As more people complete COVID-19 vaccinations, many have questions about what to do with the cards intended to verify they’ve had the shots.
When people get vaccinated for COVID-19 they receive a Centers for Disease Control card with the details of their one or two shots. Nancy King, a St. Joseph Health Department educator, said she suggests people make a copy of the card as well as store a picture on their phone in case it is needed or requested. As for the official card, she suggests storing it at home.
King said the card is not the only record of the vaccine, and people can visit their medical provider or the health department to request vaccination records that are put into a statewide system known as ShowMeVax.
“I feel like making that copy is what’s important. If you needed to show proof, they would probably want the actual card, but taking that picture of your vaccine card is going to show like what the lot number, what type of vaccine that you got,” King said.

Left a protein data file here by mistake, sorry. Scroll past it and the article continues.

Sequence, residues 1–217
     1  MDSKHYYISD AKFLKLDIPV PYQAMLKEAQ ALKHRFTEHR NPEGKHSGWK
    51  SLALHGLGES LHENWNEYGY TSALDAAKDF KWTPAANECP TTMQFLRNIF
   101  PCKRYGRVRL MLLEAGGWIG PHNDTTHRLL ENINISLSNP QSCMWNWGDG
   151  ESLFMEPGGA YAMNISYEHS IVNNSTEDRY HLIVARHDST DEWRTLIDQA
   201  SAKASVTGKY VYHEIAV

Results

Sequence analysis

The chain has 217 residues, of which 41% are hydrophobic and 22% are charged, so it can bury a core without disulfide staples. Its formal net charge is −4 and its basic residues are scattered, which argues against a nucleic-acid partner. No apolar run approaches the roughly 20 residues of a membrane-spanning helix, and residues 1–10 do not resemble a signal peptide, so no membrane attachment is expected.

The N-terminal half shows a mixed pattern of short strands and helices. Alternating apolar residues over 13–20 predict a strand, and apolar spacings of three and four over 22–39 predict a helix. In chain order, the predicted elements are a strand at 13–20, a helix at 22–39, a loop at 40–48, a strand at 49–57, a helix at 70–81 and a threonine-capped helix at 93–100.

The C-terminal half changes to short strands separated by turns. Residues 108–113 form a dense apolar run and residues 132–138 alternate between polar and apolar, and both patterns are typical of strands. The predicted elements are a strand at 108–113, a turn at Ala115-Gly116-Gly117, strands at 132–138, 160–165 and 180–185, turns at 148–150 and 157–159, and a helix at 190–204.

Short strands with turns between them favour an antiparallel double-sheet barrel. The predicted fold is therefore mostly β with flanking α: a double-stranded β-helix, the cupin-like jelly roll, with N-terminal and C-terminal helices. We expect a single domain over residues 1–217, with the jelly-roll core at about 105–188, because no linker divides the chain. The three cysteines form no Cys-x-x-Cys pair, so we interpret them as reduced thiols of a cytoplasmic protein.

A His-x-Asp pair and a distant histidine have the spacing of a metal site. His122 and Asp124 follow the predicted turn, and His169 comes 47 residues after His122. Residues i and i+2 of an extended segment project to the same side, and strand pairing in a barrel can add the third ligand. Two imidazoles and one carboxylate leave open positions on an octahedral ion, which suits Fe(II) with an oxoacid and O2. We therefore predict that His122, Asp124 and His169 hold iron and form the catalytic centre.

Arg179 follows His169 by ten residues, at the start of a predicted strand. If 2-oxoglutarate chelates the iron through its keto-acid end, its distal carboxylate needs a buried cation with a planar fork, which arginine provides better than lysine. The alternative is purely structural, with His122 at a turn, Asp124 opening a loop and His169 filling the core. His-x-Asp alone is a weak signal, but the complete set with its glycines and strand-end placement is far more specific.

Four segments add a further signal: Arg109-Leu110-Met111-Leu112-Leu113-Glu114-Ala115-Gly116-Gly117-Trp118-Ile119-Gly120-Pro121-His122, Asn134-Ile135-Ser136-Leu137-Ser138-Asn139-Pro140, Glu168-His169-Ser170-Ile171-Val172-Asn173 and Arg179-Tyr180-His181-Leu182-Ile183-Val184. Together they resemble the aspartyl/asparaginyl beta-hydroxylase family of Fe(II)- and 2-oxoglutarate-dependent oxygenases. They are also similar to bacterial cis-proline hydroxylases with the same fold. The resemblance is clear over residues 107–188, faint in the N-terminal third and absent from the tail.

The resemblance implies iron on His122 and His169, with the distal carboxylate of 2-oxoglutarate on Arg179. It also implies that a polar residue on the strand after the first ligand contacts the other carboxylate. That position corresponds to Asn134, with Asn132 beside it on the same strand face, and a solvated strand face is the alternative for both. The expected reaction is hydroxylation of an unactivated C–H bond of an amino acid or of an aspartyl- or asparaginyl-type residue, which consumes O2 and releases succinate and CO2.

King said people should be careful when posting their vaccination card on social media because of personal information on the card such as name and date of birth.
“There are already scams out there where you can purchase counterfeit cards because they’re just right now pieces of paper that probably you could if you got ahold of copy information,” she said. “The important thing to note is that the paper card is not the only record of your immunization in each state.”
Some people have wanted to laminate vaccination cards to keep them safe, but that’s not recommended as the ink can be smeared
Missouri Gov. Mike Parson has said he doesn’t support a vaccine passport in Missouri, and one is not expected to be supported by the state legislature.
However some organizations have said they will require proof of vaccination to attend events. The Buffalo Bills announced earlier this week that they would allow full capacity at games as long as everyone showed proof of vaccination through an app.
King said Missouri does not have an app program for vaccinations currently and she believes a photocopy or picture on your phone of the card should suffice.
One of these apps is called IOpen which allows people to access there HIPPA records if they want so they can use a QR code at events to show their COVID-19 test results as well as vaccination records.
iOpen Chief Communications Officer Blair Wright said this will not obstruct privacy to the individuals because it will be their choice to open the records.
“The records anonymous until the user wants to provide this to gain access into a venue, a college campus cruise ship. For that matter, even a wedding,” Wright said.